New Jersey Senate Backs Tax-Funded Embryonic Stem Cell Research

Bioethics   |   Steven Ertelt   |   Jun 28, 2005   |   9:00AM   |   WASHINGTON, DC

New Jersey Senate Backs Tax-Funded Embryonic Stem Cell Research Email this article
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by Steven Ertelt Editor
June 28, 2005

Trenton, NJ ( — Lawmakers in the New Jersey state Senate voted late Monday to spend at least $150 million in taxpayer funds on building what they hope will be one of the world’s top stem cell research institutes. However, pro-life advocates oppose the vote because it will mean significant portions of the money will promote embryonic stem cells.

Acting Gov. Codey, who has made the institute the hallmark of his administration, called the 22-14 vote "a significant step forward on behalf of the citizens of New Jersey, the country and the world."

But pro-life groups oppose the decision and they may get some unlikely help from Democrats in the state Assembly who oppose the bill because they say it spends too much money on buildings and not enough on research. Thus far, a committee hearing on the measure has not been scheduled.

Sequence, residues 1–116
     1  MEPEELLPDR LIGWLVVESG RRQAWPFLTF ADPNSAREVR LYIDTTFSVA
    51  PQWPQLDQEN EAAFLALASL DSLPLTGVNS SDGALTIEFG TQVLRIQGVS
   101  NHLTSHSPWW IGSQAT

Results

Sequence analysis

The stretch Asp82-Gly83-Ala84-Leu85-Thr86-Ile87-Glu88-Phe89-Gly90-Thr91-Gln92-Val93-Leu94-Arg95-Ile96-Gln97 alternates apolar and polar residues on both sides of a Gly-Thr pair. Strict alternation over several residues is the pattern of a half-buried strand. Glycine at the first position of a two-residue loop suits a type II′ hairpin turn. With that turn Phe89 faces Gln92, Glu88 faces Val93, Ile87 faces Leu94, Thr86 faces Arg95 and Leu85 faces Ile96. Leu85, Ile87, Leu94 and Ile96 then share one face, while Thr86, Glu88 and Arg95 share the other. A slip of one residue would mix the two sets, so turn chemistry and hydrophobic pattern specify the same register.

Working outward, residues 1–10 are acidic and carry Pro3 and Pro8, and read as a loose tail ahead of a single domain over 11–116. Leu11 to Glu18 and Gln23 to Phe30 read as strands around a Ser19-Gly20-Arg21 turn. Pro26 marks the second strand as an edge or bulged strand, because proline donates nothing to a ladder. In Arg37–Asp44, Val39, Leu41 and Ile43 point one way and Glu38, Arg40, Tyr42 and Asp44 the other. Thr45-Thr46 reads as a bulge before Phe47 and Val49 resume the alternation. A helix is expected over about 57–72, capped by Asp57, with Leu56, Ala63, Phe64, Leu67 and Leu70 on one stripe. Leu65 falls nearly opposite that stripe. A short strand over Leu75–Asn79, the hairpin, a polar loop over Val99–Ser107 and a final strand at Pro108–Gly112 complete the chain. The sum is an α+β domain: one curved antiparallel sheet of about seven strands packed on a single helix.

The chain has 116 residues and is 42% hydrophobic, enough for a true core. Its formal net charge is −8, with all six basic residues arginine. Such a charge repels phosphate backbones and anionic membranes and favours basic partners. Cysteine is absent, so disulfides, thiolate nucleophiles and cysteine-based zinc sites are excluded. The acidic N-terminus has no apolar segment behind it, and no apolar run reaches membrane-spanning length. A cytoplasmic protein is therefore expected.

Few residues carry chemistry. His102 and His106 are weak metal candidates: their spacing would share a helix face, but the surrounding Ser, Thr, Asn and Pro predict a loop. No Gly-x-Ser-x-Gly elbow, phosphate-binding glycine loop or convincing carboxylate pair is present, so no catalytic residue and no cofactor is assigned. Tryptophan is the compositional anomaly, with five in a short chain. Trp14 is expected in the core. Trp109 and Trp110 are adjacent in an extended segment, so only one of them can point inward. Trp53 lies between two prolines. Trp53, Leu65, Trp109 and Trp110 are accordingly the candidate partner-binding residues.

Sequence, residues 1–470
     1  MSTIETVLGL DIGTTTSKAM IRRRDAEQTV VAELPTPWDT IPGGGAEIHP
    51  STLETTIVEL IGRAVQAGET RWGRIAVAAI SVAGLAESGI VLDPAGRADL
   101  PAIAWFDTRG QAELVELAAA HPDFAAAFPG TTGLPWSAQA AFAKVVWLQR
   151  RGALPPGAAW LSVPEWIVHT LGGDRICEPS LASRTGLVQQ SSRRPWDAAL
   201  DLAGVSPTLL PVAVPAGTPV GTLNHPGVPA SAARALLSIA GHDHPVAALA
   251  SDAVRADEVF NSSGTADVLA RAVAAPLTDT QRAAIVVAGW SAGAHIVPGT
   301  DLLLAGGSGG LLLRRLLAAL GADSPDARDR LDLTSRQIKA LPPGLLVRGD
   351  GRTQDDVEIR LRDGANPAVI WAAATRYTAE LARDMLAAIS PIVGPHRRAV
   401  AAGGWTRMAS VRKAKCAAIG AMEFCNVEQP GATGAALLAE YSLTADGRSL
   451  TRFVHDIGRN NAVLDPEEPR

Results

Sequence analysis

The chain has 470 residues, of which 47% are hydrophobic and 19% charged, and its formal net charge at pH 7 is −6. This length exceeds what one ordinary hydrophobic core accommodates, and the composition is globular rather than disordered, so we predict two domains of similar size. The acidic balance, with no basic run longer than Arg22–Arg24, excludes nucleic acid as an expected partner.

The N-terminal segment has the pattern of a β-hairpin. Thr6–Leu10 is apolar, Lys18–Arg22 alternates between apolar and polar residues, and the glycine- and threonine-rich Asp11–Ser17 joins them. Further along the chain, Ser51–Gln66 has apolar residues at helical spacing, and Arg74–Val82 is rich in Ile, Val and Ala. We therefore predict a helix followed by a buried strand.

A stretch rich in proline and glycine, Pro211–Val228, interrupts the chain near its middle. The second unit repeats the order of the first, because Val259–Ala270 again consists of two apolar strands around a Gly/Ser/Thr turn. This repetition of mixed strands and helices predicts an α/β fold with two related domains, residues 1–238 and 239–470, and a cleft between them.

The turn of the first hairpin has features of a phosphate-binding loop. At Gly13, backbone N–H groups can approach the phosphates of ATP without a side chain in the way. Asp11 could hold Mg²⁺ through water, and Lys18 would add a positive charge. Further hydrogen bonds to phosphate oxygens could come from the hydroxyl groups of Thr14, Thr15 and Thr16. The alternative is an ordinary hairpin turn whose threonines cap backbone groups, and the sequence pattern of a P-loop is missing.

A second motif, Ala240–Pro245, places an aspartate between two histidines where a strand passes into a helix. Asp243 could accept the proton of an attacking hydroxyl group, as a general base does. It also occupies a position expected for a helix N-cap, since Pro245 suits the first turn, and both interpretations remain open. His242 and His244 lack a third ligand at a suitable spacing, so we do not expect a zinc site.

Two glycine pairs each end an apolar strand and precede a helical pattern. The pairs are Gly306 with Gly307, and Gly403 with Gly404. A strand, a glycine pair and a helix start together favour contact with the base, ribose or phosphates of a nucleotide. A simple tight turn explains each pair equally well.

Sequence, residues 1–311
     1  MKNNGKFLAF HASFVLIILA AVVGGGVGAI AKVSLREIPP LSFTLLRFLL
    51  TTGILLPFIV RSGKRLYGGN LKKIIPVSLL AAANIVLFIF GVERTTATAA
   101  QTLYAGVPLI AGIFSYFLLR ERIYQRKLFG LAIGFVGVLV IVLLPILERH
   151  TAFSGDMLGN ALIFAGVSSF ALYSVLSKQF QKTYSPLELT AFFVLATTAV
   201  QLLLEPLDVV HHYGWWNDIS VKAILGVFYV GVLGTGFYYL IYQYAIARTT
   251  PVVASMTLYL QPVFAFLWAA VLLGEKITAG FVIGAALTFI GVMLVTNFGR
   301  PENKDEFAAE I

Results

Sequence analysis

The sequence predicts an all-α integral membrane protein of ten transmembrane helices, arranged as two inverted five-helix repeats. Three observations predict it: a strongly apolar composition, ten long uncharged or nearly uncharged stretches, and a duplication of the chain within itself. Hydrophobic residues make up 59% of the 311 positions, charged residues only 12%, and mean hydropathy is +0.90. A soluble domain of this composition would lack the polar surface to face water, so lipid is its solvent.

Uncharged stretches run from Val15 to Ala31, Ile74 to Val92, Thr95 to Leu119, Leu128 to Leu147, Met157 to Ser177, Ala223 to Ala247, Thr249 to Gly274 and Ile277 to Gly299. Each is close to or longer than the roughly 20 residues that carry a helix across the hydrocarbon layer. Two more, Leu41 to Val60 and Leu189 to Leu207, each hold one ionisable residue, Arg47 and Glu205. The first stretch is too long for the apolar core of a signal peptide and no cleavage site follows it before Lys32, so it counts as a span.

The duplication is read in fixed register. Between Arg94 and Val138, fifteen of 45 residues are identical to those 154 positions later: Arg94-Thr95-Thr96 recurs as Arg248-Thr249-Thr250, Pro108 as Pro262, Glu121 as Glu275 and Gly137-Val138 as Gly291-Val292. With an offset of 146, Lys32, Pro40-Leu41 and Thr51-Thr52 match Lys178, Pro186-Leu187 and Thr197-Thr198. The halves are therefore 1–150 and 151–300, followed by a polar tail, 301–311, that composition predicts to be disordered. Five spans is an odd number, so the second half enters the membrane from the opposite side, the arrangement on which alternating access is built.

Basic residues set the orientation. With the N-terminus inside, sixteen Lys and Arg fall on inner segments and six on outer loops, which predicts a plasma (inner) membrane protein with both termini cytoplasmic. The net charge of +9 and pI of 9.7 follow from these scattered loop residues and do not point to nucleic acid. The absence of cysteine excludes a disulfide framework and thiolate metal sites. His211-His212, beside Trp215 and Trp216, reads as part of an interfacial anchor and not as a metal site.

According to the proposal, money for the stem cell center would come from bonds the state would issue against the future tobacco tax revenue. Once completed, the Stem Cell Institute of New Jersey would be based in New Brunswick.

Codey’s proposal also upsets many in the scientific and medical communities.

Dr. Aulita Eck, an internal medicine specialist, says, "There are hundreds and hundreds of uses of adult or non-embryonic stem cells. Why [Codey] would be pouring our good, hard-earned New Jersey tax dollars into embryonic stem cell research is beyond me."

Marie Tasy, director of New Jersey Right to Life added that "embryonic stem cell research has not yielded one cure."

New Jersey faces a $4 billion deficit and that was on the minds of many lawmakers when addressing the research funding request.

"How can we pay for new programs if we can’t even pay for the ones we have?" asked state Sen. Diane Allen, a Republican from Edgewater Park.

A January poll by Quinnipiac University found that 68 percent of New Jersey residents back stem cell research in general, but only 47 percent support using taxpayer funds to pay for it.

The state has allocated $9.5 million to the institute so far and research universities plan to contribute an additional $2 million.

Related web sites:
New Jersey Right to Life –